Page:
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Work Outside the Box: 3 Simple Ways to Boost Design Creativity

Is the traditional business world at war with creativity?

Your software, hardware and skills in CAD determine a large part of your design success—whether internally at your firm or during client-facing work. But another factor plays a huge—and undervalued—role in engineering, architecture and design achievement: creativity.

In Adobe’s State of Create report, 80% of 5,000 respondents said creativity was key to driving economic growth. But only one in four say they live up to their creative potential. And 75% say their employers prize productivity over creativity.

We clearly need to be more creative. But how? By using these three simple tips to boost your design creativity.

  1. Use Resources to Generate Better Ideas

Creativity doesn’t simply just happen. It’s motivated by your environment, the content you consume, and dozens of other inputs. Fire up the following tools regularly to generate more creative ideas, more often:

  • Inspiration Grid — This website provides inspiration via stories and photos from creatives in every industry.
  • Behance — Showcase your creative work and discover the work of others using this engaged online community.
  • Design Snack — Design Snack takes online inspiration to a whole new, customizable level. This tool gives you the power to create your own inspirational portfolio. Simply curate your favorite images and most inspiring work—the perfect way to jumpstart creativity when it flags.
  • SketchFab — SketchFab allows you to view inspiring models, and upload, embed and share your own.

What’s your favorite site or source of inspiration? Let us know in the comments!

  1. Adopt Tools to Manage Design Projects

When a project is poorly planned or disorganized, it’s extremely difficult to be more creative. Juggling overdue tasks or tracking down missing work doesn’t inspire your best work. However, using tools to better brainstorm and manage projects makes creativity much more likely to flourish. Try the following on for size:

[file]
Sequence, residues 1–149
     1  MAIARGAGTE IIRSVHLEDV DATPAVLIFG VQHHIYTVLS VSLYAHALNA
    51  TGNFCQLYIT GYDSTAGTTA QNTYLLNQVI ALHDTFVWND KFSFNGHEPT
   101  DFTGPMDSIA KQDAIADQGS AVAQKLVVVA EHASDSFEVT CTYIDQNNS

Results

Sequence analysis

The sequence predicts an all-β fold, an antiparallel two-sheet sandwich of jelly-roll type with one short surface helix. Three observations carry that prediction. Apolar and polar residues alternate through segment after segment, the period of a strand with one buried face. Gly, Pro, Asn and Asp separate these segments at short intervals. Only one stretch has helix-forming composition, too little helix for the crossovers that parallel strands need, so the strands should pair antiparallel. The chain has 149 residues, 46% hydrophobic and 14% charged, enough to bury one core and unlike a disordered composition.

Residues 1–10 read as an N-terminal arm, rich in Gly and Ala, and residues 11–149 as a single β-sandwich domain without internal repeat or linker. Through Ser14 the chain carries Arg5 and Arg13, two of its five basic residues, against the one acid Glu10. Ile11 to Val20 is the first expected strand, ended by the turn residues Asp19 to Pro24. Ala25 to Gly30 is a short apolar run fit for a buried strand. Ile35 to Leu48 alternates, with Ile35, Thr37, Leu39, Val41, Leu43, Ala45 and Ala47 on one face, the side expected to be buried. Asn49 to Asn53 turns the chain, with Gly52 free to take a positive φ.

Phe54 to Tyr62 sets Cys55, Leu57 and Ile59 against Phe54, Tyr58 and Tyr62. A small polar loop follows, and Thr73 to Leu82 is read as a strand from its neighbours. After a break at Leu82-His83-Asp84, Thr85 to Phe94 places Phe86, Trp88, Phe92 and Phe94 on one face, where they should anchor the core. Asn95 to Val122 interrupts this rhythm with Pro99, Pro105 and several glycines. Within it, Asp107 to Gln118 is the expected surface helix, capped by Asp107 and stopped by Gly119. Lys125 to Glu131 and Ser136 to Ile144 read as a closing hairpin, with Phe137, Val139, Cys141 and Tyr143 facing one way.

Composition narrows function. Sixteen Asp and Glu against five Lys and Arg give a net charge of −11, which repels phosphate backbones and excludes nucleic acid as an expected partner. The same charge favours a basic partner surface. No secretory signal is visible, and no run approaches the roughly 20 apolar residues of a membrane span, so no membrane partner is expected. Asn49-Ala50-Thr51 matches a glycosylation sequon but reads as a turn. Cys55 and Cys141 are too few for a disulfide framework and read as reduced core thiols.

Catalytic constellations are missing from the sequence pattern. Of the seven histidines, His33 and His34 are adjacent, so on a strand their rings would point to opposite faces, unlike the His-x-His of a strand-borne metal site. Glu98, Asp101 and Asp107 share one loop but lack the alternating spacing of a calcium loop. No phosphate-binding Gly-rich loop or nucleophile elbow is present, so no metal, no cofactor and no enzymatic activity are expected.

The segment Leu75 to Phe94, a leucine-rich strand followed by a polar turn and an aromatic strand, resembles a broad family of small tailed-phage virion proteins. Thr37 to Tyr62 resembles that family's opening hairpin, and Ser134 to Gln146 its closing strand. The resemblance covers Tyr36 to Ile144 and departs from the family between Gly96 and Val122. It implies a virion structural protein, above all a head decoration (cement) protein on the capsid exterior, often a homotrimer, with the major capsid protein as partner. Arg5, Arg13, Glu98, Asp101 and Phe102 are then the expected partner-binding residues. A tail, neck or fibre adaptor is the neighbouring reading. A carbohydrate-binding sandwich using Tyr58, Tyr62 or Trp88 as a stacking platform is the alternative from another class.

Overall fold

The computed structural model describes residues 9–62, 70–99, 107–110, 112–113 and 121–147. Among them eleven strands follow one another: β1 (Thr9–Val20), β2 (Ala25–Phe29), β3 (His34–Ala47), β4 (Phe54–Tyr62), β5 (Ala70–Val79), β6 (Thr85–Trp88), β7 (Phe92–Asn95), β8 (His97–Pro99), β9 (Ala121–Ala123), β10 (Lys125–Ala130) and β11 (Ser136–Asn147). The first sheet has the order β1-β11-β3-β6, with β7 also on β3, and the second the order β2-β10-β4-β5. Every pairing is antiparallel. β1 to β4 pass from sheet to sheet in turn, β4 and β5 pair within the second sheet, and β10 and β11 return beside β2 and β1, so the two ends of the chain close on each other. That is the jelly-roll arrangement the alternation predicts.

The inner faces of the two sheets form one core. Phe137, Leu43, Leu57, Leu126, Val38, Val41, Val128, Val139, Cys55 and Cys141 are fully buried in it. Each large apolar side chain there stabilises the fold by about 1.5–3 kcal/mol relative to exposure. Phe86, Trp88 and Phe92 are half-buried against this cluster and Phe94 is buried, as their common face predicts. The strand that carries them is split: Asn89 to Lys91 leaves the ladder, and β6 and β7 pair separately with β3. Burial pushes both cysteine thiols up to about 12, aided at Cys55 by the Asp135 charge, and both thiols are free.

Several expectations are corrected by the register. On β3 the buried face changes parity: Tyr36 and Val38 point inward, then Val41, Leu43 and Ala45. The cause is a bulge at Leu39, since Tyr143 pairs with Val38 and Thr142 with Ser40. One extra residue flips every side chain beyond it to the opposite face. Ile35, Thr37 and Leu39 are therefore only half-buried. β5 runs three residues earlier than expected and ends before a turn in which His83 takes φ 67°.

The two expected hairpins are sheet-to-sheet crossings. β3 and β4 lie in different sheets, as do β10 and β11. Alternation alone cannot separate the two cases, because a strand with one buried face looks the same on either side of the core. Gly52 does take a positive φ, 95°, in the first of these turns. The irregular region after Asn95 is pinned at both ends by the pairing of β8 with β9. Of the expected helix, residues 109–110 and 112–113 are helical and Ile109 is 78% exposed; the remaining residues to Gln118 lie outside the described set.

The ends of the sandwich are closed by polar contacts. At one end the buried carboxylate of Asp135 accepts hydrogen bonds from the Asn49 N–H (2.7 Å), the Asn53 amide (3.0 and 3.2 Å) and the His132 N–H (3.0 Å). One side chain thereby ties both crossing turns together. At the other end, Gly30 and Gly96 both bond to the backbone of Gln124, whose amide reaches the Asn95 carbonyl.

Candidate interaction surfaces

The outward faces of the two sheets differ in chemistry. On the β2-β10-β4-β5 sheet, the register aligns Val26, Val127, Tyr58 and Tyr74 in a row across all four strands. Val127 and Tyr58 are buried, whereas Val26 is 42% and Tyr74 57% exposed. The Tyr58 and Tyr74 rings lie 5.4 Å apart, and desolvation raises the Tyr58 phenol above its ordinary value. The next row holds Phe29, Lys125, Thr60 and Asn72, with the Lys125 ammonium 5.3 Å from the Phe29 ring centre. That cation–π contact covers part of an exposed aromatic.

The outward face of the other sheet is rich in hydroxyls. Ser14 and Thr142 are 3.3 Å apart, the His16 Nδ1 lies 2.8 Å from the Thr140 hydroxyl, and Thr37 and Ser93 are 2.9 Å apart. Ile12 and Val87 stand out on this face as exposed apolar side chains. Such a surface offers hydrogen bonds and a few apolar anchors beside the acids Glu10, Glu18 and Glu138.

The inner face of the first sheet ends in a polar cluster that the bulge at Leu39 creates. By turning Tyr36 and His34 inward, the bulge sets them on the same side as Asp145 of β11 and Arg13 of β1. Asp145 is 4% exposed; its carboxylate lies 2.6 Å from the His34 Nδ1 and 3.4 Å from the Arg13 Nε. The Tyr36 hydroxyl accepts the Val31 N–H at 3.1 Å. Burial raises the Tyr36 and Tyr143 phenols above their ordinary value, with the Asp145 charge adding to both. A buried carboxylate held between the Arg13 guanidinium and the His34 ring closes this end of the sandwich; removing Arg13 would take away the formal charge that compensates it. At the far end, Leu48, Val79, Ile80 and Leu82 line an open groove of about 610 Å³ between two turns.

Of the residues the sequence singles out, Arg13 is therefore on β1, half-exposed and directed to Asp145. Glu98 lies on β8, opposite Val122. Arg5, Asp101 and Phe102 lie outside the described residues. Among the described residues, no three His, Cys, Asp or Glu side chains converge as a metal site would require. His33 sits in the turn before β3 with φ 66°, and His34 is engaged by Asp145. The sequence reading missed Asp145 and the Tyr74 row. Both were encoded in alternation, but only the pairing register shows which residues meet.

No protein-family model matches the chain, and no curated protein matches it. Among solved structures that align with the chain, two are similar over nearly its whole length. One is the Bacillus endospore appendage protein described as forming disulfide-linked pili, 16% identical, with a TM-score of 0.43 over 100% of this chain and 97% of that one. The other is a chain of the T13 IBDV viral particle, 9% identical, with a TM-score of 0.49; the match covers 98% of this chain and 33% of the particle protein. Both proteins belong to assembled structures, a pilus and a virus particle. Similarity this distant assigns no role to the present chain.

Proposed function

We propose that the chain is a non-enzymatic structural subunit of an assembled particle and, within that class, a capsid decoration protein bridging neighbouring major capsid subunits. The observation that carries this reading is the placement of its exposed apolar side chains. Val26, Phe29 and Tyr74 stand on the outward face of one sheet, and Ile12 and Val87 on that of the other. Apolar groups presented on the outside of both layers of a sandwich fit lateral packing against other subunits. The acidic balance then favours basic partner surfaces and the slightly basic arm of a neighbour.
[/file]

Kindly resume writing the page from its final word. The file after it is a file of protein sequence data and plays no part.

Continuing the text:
• XMind — Mind mapping tools help you brainstorm, communicate and capture creative ideas. XMind is available in three different versions: a free version, a plus version and a pro version.
  • Lucidchart — This tool makes it dead easy to develop mind maps and organizational charts that keep your creative ideas flowing.
  • TT, WeTransfer and Dropbox — These cloud file-sharing tools make collaborating on 3D files quick and easy. They offer numerous storage plans for larger files, and will save you a ton of time.
  • GrabCAD — Similar to GE.TT, WeTransfer and Dropbox, GrabCAD allows 3D professionals to collaborate with coworkers through an easy-to-use CAD file manager. This tool enables you to sync local files and collaborate on projects, revision rounds and brainstorming sessions.
  1. Hack Yourself to Improve Creativity

You can actually hack your brain and body to enhance creativity. It’s safe and easy, too. Seriously, science rules. Here are a few ways to do it:

What are your favorite creativity tools, tips and hacks? Let us know in the comments!

More Free Hacks, Tools and Habits to Boost Creativity

Over at 3Dconnexion, we’ve created a free guide specifically for 3D professionals who wish to improve their creativity. With 25+ pages of expert creativity advice, The Creativity Handbook for 3D Professionals is help you improve your creativity and career!